Wednesday, June 5, 2019
“They took all my clothes and made me walk naked for two days so I couldn’t escape,” said one woman.
“They kill people over nothing,” said another.
These are the descriptions from Latina immigrants of their experiences as they were smuggled from Mexico to the United States. These women and others like them often experience rape, assaults, and gun violence, says Carol L. Cleaveland, PhD, associate professor of Social Work, George Mason University.
In a recent study, “An Exploratory Study of Latina Immigrant Trauma,” she and co-author Cara Frankenfeld, PhD, also of George Mason University, spoke with patients at Mason and Partners Clinic in Springfield, Falls Church and Manassas Park who described events that often left them with Post Traumatic Stress Disorder (PTSD). During June, which is PTSD Awareness Month, mental health professionals are working to raise public consciousness of the disorder and a knowledge of the treatments available to those who suffer.
There is often a lack of understanding which makes it difficult to identify said Cleaveland. “PTSD is a shift in how people think, feel and behave in response to a traumatic event they experience. It’s something that induces profound terror,” she said.
Many of those who are suffering from PTSD aren’t cognizant of the symptoms, but gaining that awareness is one of the first steps on the road to recovery. “[Symptoms include] intrusive thoughts and memories of the traumatic event, such as thinking about the event when you don’t want to, having flashbacks or having a strong emotional reaction to a something that reminds you of the trauma,” said Joanne Bagshaw, PhD, professor of psychology at Montgomery College.
A person experiencing PTSD might avoid people or experiences that are reminiscent of the trauma, says Bagshaw “You [can experience] negative thinking about yourself and the world, such as having traumatic expectations or detaching from relationships.”
Managing and healing even severe symptoms is possible with the right strategies. “There are several very good treatments for trauma,” said Bagshaw.
Among these healing methods is Cognitive Behavioral Therapy (CBT), a form of psychotherapy that increases one’s comfort level by altering dysfunctional emotions, behaviors, and thoughts. Another therapy is Eye Movement Desensitization Reprocessing (EMDR) which involves a patient briefly focusing on the traumatic memory under the guidance of a trained clinician and ultimately experiencing relief from the intense emotions that are associated with the trauma.
“There is research which shows EMDR is highly effective in desensitizing the trauma,” says Cleaveland.
One emerging therapy that has not been studied extensively is therapeutic riding. “[It] is teaching people to ride and work with horses with the goal of improving their physical or mental well-being,” said Olivia Taylor, program director of Northern Virginia Therapeutic Riding Program (NVTRP). “One of the biggest benefits we see for our riders with PTSD is that riding puts them in the moment, focused on creating a bond with their horse. They're not thinking about past events or being hypervigilant, but feeling peaceful in the moment.”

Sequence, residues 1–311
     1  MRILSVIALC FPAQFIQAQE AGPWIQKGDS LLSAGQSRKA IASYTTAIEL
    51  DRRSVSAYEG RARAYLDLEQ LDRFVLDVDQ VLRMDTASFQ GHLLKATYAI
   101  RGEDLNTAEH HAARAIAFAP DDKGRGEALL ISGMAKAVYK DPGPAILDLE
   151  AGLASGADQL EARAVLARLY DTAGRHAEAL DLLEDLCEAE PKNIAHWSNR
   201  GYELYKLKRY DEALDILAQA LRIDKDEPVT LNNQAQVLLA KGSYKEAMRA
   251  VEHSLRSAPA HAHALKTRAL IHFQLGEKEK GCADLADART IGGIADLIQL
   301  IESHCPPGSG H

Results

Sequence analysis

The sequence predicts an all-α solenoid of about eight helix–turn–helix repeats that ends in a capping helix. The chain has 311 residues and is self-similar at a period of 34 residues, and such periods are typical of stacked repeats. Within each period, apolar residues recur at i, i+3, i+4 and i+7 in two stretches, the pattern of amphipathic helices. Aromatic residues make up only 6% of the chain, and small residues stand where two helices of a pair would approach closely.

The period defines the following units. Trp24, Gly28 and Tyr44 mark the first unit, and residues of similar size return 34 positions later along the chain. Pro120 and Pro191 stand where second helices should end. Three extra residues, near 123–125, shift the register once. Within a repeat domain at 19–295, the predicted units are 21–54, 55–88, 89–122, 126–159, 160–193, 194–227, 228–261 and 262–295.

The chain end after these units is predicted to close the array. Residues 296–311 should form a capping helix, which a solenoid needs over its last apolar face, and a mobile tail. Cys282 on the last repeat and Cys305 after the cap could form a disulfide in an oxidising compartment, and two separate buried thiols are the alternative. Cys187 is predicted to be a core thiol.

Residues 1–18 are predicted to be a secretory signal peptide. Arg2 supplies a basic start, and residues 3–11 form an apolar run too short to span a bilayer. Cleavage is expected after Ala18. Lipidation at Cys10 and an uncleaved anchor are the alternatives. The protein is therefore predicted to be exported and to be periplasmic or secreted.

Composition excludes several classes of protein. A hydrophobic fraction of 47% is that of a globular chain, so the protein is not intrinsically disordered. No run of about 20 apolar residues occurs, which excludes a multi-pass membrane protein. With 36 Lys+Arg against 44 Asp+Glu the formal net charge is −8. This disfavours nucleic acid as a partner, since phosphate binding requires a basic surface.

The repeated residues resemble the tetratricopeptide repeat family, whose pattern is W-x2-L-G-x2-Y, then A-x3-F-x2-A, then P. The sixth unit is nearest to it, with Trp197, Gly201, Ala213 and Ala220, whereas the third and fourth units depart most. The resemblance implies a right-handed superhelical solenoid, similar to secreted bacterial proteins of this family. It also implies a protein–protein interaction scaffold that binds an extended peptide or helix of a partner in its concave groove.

For those who have strained interpersonal skills related to trauma, such as the ability to trust others, therapeutic riding provides a safe space for working on that proficiency, Taylor said. “Horses are empathetic, non-judgmental creatures, so therapeutic riding provides a great opportunity to work on building a trusting relationship with another living being,” she said.
As an example, Taylor points to one NVTRP rider who suffers from debilitating and life-disrupting anxiety resulting from PTSD. “Over several weeks of riding, she has developed a very strong bond with the horse she rides,” said Taylor. “They share an especially close relationship, and she credits the trust she has in him with her ability to overcome her fears of riding and progress more than she'd ever imagined. We find that this sort of trust and openness to an empathetic relationship carries over into riders' lives beyond the farm, helping them to rebuild healthy lives.”
While there are several effective therapeutic treatments available to those with PTSD, the options for patients who can’t afford adequate healthcare are limited, says Cleveland. “Right now, in most situations, the only accessible interventions are provided by therapists working pro bono,” she said.
The cost of riding therapy at facilities such as NVTRP can be defrayed by donations. One example is a recent Great Gatsby themed fundraiser. "Raising more than $150,000 in a single afternoon sure feels wonderful, but in the end it’s about making a difference,” said Will Thomas who hosted the fundraiser. “That feeling is priceless.”
Cleaveland hopes that opportunity gap can be closed for low- income PTSD sufferers as researchers continue to study, design and test easily-accessible, cost efficient interventions. “It’s important for people with PTSD to have hope because they can get better,” she said. “The fact that the course of treatment for PTSD can be short, even 12-15 weeks, is hopeful.”